This week has been consumed by studying (I’m pretty sure that I aced the final exam) and the arrival of my new laptop. I’ve been limping along for a long time on old computers that can’t quite handle the new technology, at least not well. My husband loves to gather up old computers and reassemble the working parts together to make a new computer. He bought the laptop I previously used for $60. It was a good deal, but it was just about to kick the bucket. Now I have a CD/DVD player that works and a battery that charges and a processor and memory that can handle more than one thing at a time. I can use iTunes again. The only thing left to do other than finish transferring my files (in progress) is to hook up the wireless to our router.

It finally turned cold here and the Back Forty is done except for broccoli, kale, parsley, and various lettuces and mustard greens.

It has been funny watching the competition for Top Cat play out. The social hierarchy is different for the various cats. Jazz is the tiniest and the oldest. Lucy is the biggest and the youngest. Theo is the newest and next to the youngest and next to the heaviest. Poor Guido is just confused.

Jazz and Theo’s new pecking order:
1. Jazz
2. Theo
3. Guido
4. Lucy

Guido and Lucy’s new pecking order:
1. Theo
2. Guido
3. Lucy
4. Jazz

I’ve been exceptionally lazy and a bit depressed about my continuing problems with pain. Last night I managed to get it together enough to do some cleaning and some laundry, make a soup that is kind of like clam and corn chowder, but low-fat, fire up the woodstove, and read some good books instead of watching Hulu or farting around on Facebook all night. I finished A Natural History of the Senses by Diane Ackerman, and began Ordinary Magic, Everyday Life as Spiritual Path, a collection of essays and excerpts from some of my favorite authors such as Thich Nhat Hahn, Natalie Goldberg, and Frederick Franck. I hope that this will give my spirit a positive boost and improve my perspective, which can only be described as kind of blah. I don’t really feel much of anything.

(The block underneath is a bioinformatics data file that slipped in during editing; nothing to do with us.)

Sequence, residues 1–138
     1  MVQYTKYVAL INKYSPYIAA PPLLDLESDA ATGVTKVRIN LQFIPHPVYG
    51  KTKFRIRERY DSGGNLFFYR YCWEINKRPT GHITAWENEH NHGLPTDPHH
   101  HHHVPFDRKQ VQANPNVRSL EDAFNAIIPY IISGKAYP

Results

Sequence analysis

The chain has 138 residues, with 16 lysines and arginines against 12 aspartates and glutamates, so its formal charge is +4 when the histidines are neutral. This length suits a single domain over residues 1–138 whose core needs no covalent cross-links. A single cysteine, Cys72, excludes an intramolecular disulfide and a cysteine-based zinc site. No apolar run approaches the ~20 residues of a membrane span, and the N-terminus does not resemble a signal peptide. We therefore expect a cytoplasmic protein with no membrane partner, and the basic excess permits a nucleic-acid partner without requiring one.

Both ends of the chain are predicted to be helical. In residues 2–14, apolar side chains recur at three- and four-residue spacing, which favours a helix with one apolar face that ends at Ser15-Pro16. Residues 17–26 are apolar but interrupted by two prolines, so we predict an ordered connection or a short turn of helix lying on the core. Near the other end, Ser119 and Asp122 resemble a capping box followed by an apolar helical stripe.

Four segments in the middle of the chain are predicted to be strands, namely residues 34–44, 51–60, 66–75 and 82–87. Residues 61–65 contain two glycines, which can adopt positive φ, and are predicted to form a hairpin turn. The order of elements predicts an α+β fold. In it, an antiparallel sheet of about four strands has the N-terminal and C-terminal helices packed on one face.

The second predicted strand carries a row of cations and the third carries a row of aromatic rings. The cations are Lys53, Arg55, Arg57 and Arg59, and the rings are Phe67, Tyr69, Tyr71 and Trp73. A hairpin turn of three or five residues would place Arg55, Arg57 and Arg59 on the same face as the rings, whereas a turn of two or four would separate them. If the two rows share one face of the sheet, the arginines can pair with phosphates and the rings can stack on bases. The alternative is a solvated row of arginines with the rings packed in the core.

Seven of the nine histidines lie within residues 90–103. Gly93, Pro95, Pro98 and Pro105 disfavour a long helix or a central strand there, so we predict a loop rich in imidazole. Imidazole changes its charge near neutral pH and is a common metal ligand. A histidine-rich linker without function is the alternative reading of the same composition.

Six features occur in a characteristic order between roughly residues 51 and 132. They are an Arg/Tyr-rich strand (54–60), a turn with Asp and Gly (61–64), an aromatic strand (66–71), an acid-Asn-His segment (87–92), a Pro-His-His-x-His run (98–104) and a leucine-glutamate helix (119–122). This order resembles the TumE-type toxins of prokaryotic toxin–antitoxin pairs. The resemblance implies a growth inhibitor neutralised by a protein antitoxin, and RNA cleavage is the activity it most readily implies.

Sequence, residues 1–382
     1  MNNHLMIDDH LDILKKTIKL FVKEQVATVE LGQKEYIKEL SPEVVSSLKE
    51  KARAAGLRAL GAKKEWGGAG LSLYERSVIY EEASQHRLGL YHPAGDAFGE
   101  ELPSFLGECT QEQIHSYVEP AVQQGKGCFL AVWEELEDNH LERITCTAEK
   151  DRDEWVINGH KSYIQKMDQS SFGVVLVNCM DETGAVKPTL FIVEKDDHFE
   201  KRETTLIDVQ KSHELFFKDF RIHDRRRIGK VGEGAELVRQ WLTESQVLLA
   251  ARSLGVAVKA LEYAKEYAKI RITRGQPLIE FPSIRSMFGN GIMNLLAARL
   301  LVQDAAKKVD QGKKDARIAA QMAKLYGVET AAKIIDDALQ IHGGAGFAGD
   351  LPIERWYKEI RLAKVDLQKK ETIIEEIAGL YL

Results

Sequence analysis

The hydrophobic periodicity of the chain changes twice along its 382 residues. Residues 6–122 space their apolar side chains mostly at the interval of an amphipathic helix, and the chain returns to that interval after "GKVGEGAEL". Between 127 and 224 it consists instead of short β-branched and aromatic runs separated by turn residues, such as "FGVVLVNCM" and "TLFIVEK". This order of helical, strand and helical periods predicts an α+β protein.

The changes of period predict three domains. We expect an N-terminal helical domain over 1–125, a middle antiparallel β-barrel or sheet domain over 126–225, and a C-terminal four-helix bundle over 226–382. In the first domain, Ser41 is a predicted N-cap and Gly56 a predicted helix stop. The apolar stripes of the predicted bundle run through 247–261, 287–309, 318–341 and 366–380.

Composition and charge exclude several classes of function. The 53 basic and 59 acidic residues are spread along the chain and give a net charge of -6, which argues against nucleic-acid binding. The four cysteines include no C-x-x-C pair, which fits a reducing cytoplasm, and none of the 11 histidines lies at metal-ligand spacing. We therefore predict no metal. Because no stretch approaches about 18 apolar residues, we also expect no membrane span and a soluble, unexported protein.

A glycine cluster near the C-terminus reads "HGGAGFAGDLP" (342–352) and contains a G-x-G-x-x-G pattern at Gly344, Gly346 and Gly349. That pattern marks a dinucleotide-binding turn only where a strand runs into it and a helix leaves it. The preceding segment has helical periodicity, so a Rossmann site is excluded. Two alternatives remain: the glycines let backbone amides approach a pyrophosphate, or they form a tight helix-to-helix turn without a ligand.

I do feel some irritation toward people who have totally equated Christmas with shopping. Maybe I’m more sensitive to it this year. It’s hard for me to keep my smart-ass mouth shut. For example, a woman from my childhood on Facebook is outraged because a Walmart near her has not decorated for Christmas and is not playing Christmas music. Doesn’t sound true to me, but whatever. She is a Sarah Palin fan, if that explains anything. I want to say – Miss ******, what does Walmart have to do with Christ’s birth? Isn’t it actually LESS offensive if they are not tying in with Christmas? But the paranoia of the folks who have been convinced by the right wing that the libs are trying to take Christ out of Christmas is deep-seated now. They don’t trust anyone else, so I try to stay out of it, other than voicing my opinion here. But it is hard, and sometimes I don’t succeed.

I am a little excited about some woodcut ideas that I have, and I hauled my woodcut and printing supplies from the studio in the back (which I think will be converted over to storage) to the second bedroom where I have set up a workspace. It has to do with family history and autobiography in visual terms. I want to make some Christmas cards too.

Tomorrow is supposed to be a cold rain again (we are weary of it here, but our drought seems to have been broken) and I plan to get together with a good old friend that I haven’t talked to in years. So I do have a bright spot on the horizon to look forward to.